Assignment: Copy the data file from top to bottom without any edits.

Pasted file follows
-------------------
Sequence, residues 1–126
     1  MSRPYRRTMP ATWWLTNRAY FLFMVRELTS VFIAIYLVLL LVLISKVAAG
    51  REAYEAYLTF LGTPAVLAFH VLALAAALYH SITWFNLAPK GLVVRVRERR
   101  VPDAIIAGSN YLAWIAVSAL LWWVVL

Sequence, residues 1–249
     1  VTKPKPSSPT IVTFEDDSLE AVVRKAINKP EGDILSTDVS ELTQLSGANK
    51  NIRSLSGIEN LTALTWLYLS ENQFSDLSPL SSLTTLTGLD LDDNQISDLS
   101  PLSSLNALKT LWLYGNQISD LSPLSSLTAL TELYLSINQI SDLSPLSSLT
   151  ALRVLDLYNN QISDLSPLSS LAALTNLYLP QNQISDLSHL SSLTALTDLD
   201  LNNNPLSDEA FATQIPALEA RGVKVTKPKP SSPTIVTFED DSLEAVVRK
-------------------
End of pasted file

Sequence, residues 1–126
     1  MSRPYRRTMP ATWWLTNRAY FLFMVRELTS VFIAIYLVLL LVLISKVAAG
    51  REAYEAYLTF LGTPAVLAFH VLALAAALYH SITWFNLAPK GLVVRVRERR
   101  VPDAIIAGSN YLAWIAVSAL LWWVVL

Sequence, residues 1–249
     1  VTKPKPSSPT IVTFEDDSLE AVVRKAINKP EGDILSTDVS ELTQLSGANK
    51  NIRSLSGIEN LTALTWLYLS ENQFSDLSPL SSLTTLTGLD LDDNQISDLS
   101  PLSSLNALKT LWLYGNQISD LSPLSSLTAL TELYLSINQI SDLSPLSSLT
   151  ALRVLDLYNN QISDLSPLSS LAALTNLYLP QNQISDLSHL SSLTALTDLD
   201  LNNNPLSDEA FATQIPALEA RGVKVTKPKP SSPTIVTFED DSLEAVVRK